I’ll try to keep this brief, because I know you’re both busy. I’ve been reflecting a lot on what we talked about, and on my meetings with other people while I was home, trying to make sense of things. There were a few thoughts I’ve had that I’ve wanted to share with you.
Predominant is a jarring inconsistency. With more than one person I talked to, the theme of compassion in sermons, and the quality of A. as a loving, accepting church came up. Those things, compassion, love and acceptance have been swirling around in my mind, and crashing up against several events. In your church interviews, A.ns apparently said that the church’s loving and accepting attitude was what kept them coming. Some people claim to want Christ’s compassion preached from the pulpit (which they had every week in the Matthew series, but it seems that wasn’t what they really meant), but in my opinion, the church is not living it—the following things come to mind, and don’t seem compassionate, spiritually mature or accepting to me:
–to ignore or enable bullying behavior in a church, or ignore God’s Word on human sexuality, while resenting a pastor for 7 years for not having attended school board meetings in the months following his wife abandoning him, or finding it unacceptable and irritating that he doesn’t read the newspaper
–to extort a church council, saying, “Do something with this guy or I’m leaving”, while admitting the pastor’s preaching is biblical
–to threaten a pastor who has served a small local body faithfully through such personal trials (many people can’t continue in ministry with those sorts of setbacks) with loss of his job and his home, without biblical grounds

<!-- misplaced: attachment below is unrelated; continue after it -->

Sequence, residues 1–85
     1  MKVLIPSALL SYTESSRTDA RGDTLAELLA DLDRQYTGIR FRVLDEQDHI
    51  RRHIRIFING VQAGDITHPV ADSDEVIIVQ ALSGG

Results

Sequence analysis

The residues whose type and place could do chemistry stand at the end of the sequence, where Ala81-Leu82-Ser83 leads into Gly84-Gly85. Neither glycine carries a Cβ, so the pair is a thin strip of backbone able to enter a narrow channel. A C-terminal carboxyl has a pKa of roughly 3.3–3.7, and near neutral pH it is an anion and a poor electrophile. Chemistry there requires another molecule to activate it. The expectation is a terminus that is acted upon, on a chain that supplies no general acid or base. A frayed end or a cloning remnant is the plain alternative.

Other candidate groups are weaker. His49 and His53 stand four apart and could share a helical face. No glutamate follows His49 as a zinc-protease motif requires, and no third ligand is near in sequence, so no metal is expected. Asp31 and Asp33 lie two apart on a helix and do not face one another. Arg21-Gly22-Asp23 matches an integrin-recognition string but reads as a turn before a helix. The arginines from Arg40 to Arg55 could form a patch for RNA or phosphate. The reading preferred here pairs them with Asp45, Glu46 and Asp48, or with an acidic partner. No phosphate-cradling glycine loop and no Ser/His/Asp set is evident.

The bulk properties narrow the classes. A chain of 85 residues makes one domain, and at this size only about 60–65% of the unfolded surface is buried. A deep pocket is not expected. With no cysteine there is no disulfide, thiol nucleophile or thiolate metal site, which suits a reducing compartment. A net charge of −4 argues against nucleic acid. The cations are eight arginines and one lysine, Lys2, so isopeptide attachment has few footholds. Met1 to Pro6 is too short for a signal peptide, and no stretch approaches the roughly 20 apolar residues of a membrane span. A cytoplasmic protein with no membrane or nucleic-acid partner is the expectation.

–not to hear out a church leader if he has a serious concern about satanic threats to the church, or to threaten Christian brothers or sisters with ostracism if they speak out about something unfamiliar
–to refuse to acknowledge or return the greeting of my autistic kid sister at the “Fall Fun Fest”
–to take out frustrations with the pastor on his child. The situation of the worship committee is downright scary—it looks like someone’s service is being blatantly valued more highly than another person’s, and without explanation to herself, a young adult member of the congregation, with special needs, is getting the boot. And the questions are not asked, “Is God calling people to serve on this committee? What does He want out of this situation?” Jesus is compassionate—how does he see this treatment of my sister? To treat my dad the way people have is one thing; to punish my sister is a “whole ‘nother level of nasty,” to be blunt